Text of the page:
“Well, I wish I could say that makes me feel better,” Roosevelt grunted, “but part of me thinks I would’ve liked it better if there was some kind of conspiracy with your types. Anyway, there’s still plenty of your monsters running around. Like the ones in Desoto. They’ve been there for years now. We’ve got thousands dying there, and every goddamn day I sit around waiting for one of you people to show up and say that you’ve got it under control, that you’ve dealt with them. But something tells me that’s not why you’re here right now. Is it?” The last two words were hard, his tone one of anger born of frustration. He was a man of action, and this was a situation he could take no actual action in.
Not that that had stopped him during his time down in Cuba, and then in Desoto itself. He and his Rough Riders had done as much damage to those monsters as a bunch of humans armed with rifles that had been secretly magically enhanced by Joshua‘s people could do.
But it was never enough. After he had been hit by some kind of Fomorian plague, the Heretics who helped save his life had insisted that he needed to be away from the battlefield or it would get worse. So he had been forced to go back to New York, where he did his best to avoid going insane by staying busy. Staying busy and, of course, getting regular reports from Joshua Atherby and his people. Regular reports which had blossomed into something of a friendship.
Joshua sighed. “Yes and no. The Fomorians… they’re never going to give up. They’re not the type to surrender, or call something a lost cause. They’re just going to keep throwing things at us until we break. The people you’ve been sending in, they’ve been helpful. And we’ve been trying to get them everything we can. But… but it’s not enough. Gaia, the baroness you met, she’s even started waking them up, letting normal people know the truth so they can get the hell out of the state. Some of them stay and fight anyway. But they still die. There’s so many people dying down there, it’s…” he trailed off, staring at his empty glass for a moment before cursing quietly. “It’s bad.”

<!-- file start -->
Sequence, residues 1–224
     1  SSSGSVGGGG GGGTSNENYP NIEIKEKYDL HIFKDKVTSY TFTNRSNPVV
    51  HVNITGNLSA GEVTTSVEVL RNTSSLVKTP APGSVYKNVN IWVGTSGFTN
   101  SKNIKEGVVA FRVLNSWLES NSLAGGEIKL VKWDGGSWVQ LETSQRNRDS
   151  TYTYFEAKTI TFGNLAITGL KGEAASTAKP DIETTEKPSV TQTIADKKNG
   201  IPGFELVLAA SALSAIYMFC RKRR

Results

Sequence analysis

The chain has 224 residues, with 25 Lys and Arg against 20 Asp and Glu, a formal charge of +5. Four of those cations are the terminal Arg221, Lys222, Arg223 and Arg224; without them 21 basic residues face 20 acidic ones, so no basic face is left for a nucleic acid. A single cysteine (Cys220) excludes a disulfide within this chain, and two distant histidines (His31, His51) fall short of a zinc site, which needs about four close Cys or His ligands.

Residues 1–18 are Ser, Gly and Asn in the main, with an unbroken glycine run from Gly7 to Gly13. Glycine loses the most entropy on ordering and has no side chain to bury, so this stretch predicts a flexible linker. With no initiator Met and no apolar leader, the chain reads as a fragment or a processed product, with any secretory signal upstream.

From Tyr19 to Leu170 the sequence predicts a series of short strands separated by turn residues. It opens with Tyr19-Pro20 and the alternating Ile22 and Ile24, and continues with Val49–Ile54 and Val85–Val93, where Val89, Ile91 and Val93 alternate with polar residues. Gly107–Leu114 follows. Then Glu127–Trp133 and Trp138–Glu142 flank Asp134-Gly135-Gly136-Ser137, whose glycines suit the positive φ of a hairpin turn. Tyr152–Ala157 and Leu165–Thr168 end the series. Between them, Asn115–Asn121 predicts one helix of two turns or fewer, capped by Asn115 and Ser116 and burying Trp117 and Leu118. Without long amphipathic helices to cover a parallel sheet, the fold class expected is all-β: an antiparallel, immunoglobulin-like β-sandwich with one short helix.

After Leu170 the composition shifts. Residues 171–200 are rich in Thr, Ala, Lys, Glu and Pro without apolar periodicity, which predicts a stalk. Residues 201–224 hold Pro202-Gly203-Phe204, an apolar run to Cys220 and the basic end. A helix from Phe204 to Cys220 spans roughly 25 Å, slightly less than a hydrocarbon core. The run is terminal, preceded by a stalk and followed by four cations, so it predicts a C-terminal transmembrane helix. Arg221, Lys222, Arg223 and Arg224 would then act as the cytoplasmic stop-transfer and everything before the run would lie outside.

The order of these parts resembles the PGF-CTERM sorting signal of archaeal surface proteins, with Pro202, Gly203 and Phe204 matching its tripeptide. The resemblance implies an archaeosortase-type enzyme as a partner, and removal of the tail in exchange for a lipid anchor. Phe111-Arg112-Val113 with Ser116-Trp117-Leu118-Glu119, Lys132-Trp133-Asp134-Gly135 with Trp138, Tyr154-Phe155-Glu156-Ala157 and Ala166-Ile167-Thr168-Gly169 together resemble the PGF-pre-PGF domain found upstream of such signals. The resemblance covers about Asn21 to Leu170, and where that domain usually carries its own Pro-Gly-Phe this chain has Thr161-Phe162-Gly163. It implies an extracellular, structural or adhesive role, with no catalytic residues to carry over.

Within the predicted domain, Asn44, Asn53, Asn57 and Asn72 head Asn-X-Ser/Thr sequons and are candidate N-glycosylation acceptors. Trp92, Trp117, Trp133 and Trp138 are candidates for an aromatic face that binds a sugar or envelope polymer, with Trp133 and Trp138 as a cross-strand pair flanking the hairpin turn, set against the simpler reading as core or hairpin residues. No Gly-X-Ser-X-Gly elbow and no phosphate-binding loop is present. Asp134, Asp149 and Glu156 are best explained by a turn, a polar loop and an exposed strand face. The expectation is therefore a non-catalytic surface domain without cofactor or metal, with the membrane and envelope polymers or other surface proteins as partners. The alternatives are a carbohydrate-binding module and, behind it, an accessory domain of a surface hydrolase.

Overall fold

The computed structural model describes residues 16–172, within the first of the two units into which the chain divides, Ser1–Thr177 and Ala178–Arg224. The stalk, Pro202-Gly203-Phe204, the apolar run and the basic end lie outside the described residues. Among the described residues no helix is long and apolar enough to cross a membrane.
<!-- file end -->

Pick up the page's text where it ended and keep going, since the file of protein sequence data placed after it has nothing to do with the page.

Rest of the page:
“People grow from bad things,” Roosevelt informed him. “They grow from hardship and from hard work. Getting out there, fighting and killing those ugly bastards, it’s pain that brings out the real strength. Pain that brings growth. But you know what, I think we’ve grown just about enough as far as those beasts are concerned.”
“That’s why I’m here,” Joshua replied. “Because this has gone on long enough. We have a solution. But you’re not going to like it. Well, there is one part of it you might like.
“I won’t be popping up behind you anymore.“
“I bet a Bystander-Kin student brought them in and just left them on the shelf.”
The words came from Columbus Porter, who sat in the library across from Tristan Moon. Between them lay an assortment of comic books. An assortment which, upon finding them buried deep on one of the library shelves, had driven both boys through nine different kinds of shock and awe. It was a collection that would have made any collector feel faint. Or possibly driven them to the hospital.
The first seven issues of X-Men, the first three issues of Avengers. Six scattered issues from the first forty of Kamandi: The Last Boy On Earth, Forever People number one, several issues of Tales of Suspense and of Tales to Astonish, including the first appearances of Captain America, Iron Man, and the Hulk. Original copies all.
An amazing collection to begin with, but each and every issue had also been magically protected against wear and tear, leaving it completely pristine aside from the single signature that decorated each book. The signature belonging to one Jack Kirby.
“Are you kidding?” Tristan demand of them while gesturing to the collection. “First of all, no student, Bystander or otherwise, is going to leave something like this here if it belongs to them. None. It’s not going to happen. Besides, Vanessa says that they clear the shelves every year to watch for any magical tricks or pranks. There’s no way it would’ve been left here this long by accident.”
“No way what would have been left?” Vanessa herself asked as she approached the table and pulled out a seat beside her brother.
“Those,” Tristan announced as he gestured to the comic books.
Vanessa looked that way before nodding. “Oh, yeah. It’s the Jack Kirby collection, of course they have that.”
In unison, both boys threw up their hands while demanding, “What do you mean, of course they have that?!”